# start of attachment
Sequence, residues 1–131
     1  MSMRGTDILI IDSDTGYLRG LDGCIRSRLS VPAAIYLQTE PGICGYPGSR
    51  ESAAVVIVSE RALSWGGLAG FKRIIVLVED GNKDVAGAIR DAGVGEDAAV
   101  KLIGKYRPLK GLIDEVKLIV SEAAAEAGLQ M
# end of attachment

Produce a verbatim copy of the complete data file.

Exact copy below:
Sequence, residues 1–131
     1  MSMRGTDILI IDSDTGYLRG LDGCIRSRLS VPAAIYLQTE PGICGYPGSR
    51  ESAAVVIVSE RALSWGGLAG FKRIIVLVED GNKDVAGAIR DAGVGEDAAV
   101  KLIGKYRPLK GLIDEVKLIV SEAAAEAGLQ M